Azaleas would have to be one of the most colourful small Autumn to Spring flowering shrubs. They make ideal pot specimens growing on a shady patio or they can be taken inside for a short time. Azaleas come in a wide colour range, from white through to pink, red purple and multi-colours on the one flower.
History of Azaleas
Evergreen azaleas have been collected and planted around the world to for centuries for the gardening elite to the home gardener. Most all evergreen azaleas species and hybrids originate in Japan and were first described in 1681 in the first horticulture book written in Japan. In this book 317 varieties and 15 species were described. The Japanese put all evergreen azaleas into 2 groups, Tsutsuji and Satsuki. Most all evergreen azaleas seen in gardens today will have originated from one of these two groups. In general the Tsutsuji azaleas are all of the early flowering azaleas, flowering before or with their new leaves, and within 30 days of the spring equinox. The Satsuki, meaning “fifth month”, azaleas bloom about 1 month after the Tsutsuji azaleas. Over time these plants were introduced across China, then later to Europe. Most came to Europe in the late 1700’s and early 1800’s, and because of the language difficulty, were assigned Western names. R. simsii was one of the first to be introduced into Europe, thus it figures into some of the early breeding that was being done at that time.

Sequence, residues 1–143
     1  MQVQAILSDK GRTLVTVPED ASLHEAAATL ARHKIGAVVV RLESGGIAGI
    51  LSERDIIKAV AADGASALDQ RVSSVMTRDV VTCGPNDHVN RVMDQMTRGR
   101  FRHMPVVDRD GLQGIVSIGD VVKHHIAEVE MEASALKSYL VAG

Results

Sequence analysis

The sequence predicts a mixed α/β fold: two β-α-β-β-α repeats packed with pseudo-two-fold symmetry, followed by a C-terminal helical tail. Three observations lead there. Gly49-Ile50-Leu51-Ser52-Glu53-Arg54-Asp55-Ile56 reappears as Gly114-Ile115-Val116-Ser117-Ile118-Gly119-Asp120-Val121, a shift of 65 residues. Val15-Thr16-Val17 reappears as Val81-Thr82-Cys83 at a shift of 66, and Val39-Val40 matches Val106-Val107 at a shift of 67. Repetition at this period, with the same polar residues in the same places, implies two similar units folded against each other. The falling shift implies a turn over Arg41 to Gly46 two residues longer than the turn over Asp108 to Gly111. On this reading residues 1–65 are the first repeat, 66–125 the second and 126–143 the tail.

It is likely that most of the plants that were brought from Japan to Europe in the early 1800’s came from Japanese gardens.In the mid to late 1800’s, evergreen azaleas became popular as greenhouse and indoor plants. It was at that time the Belgian hybrids were developed, mostly from R. indicum and R. simsii, are the basis for a majority of modern hybrids today (Indicas)
The Kurume Hybrids, as they are known today, were created by the Japanese in the mid 1600’s and grown widely in their gardens. They were first seen in large numbers in European Gardens when, in the mid 1800’s, E.H. Wilson introduced 50 – The Wilson 50, of the over 250 cultivars grown by Mr. Kijiro Akashi of Kurume, Japan. The Kurume Hybrids have small leaves and flower so heavily, the leaves are invisible. These types can be sheared, and are the signature of most Japanese Gardens today.